Excellent Retirement Spending Rate, Safe Withdrawal Rate Podcast interview with Karsten Jeske (Big ERN)

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calmaniac
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Excellent Retirement Spending Rate, Safe Withdrawal Rate Podcast interview with Karsten Jeske (Big ERN)

Post by calmaniac »

Christine Benz and Jeff Ptak host Morningstar's The Long View podcast. Their recent guest is Karsten Jeske, aka Big ERN, of the Early Retirement Now blog.

Great podcast episode for thinking about retirement income and withdrawals. The show notes and links to ≈25 articles on the subject are worth the price of admission (free!).
62 yo, 1-3y til retire. AA 70/30: 30% S&P, 16% value, 14% intl, 10% EM, 30% short/int govt bonds. My mil pension + DW's now ≈60% of expenses. Taking SS @age 70--> pension+SS ≈100% of expenses.
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Re: Excellent Retirement Spending Rate, Safe Withdrawal Rate Podcast interview with Karsten Jeske (Big ERN)

Post by LadyGeek »

Click on the Transcript link and search for Bogleheads.
Jeske: ...So the Bogleheads, the Bogleheads have this VPW, variable withdrawal percentages. They basically do an amortization exercise. Because nothing in life is really as linear as this RMD. So, you want to do something that takes into account your expected asset returns going forward. So, yeah, if I wanted to tweak it, I would do that variable percentage withdrawal rate as the Bogleheads propose...

The problem with that approach, again, is your withdrawal amounts are going to be just as volatile as your portfolio. And again, with this approach, you are potentially ignoring valuations. Now, it depends on how technical and how scientific you want to get with your expected asset returns over time. If you bring in valuation through that into your VPW formula, yeah, it might work better then, but just the base version of the VPW, again, doesn't take into account asset valuation. So, I'm still not 100% convinced, but that's definitely an improvement over that RMD approach.
Read the transcript for the full context, as I've left out a few points to keep the quote short.

See the wiki: Variable percentage withdrawal
Wiki To some, the glass is half full. To others, the glass is half empty. To an engineer, it's twice the size it needs to be.
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Ben Mathew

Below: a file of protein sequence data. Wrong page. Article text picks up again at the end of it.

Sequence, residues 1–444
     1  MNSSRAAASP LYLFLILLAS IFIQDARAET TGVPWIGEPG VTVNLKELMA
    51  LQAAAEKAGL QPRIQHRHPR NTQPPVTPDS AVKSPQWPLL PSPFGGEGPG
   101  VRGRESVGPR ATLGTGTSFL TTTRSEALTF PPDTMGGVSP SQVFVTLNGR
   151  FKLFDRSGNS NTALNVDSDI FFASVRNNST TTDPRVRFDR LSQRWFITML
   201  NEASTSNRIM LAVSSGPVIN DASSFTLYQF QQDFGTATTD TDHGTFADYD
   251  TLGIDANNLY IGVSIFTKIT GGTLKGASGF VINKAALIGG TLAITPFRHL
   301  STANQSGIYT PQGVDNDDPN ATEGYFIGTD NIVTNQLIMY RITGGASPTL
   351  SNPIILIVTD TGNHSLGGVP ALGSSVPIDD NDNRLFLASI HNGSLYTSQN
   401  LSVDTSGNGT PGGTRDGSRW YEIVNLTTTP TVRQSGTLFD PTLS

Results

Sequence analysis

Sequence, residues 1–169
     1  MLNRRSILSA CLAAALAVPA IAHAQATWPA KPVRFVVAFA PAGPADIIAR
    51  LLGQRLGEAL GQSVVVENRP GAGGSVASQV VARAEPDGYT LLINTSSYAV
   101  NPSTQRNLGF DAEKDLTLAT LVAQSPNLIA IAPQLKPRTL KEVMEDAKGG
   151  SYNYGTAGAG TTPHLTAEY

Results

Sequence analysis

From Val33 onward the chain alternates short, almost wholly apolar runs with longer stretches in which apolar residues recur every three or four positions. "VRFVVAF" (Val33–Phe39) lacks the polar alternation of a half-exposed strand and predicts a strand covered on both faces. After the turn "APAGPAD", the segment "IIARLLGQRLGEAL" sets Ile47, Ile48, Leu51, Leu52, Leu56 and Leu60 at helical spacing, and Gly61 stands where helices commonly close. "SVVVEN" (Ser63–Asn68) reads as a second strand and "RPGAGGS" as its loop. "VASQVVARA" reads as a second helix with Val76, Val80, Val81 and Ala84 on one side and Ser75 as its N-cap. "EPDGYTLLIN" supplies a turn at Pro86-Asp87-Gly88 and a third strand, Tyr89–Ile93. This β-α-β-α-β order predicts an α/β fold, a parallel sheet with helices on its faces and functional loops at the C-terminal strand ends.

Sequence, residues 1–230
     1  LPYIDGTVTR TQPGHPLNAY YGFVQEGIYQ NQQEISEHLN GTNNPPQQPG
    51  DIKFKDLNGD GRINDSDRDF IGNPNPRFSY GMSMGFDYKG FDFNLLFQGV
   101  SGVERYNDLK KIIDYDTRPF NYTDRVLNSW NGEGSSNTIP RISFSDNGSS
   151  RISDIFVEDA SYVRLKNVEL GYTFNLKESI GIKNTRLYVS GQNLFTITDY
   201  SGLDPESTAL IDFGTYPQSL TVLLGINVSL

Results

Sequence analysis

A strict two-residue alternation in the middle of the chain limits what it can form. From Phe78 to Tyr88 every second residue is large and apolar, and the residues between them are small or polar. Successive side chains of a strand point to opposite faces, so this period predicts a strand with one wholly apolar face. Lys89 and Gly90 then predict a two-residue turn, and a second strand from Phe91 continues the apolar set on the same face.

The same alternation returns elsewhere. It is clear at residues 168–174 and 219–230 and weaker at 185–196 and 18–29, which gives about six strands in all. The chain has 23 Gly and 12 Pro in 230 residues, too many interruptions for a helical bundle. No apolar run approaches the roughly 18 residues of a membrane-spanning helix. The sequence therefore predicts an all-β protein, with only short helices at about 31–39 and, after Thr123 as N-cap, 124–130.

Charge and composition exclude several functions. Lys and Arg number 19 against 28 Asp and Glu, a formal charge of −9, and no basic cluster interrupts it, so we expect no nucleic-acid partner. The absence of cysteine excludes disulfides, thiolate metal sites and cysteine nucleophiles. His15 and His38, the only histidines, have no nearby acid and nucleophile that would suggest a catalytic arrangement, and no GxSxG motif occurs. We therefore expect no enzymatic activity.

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Re: Excellent Retirement Spending Rate, Safe Withdrawal Rate Podcast interview with Karsten Jeske (Big ERN)

Post by Ben Mathew »

If you bring in valuation through that into your VPW formula, yeah, it might work better then, but just the base version of the VPW, again, doesn't take into account asset valuation.
The time value of money approach described in this thread allows more flexible assumptions regarding future expected returns.
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Ben Mathew
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Re: Excellent Retirement Spending Rate, Safe Withdrawal Rate Podcast interview with Karsten Jeske (Big ERN)

Post by Ben Mathew »

The problem with that approach, again, is your withdrawal amounts are going to be just as volatile as your portfolio.
That is a feature, not a bug. If your expected lifetime wealth halves--whether because the market crashed or your business failed or someone stole it--then your planned consumption should also halve.

Look at it this way: if you started out with $2 million and then lost half and are left with $1 million, shouldn't your planned consumption be the same as if you started out with $1 million in the first place? The history of how you came to have your current net worth should not impact planned consumption.

Yes, that means planned consumption tracks the market. But that's what it means to be invested in the stock market.
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Re: Excellent Retirement Spending Rate, Safe Withdrawal Rate Podcast interview with Karsten Jeske (Big ERN)

Post by ososnilknarf »

The problem with that approach, again, is your withdrawal amounts are going to be just as volatile as your portfolio.
This also ignores the point that user longinvest (who is the primary author of the VPW) constantly stresses, that VPW is meant to be used in addition to a stable income source such as SS or pension, so that the volatile fluctuating part has a smaller effect, and you have a base income that you can comfortably live off.
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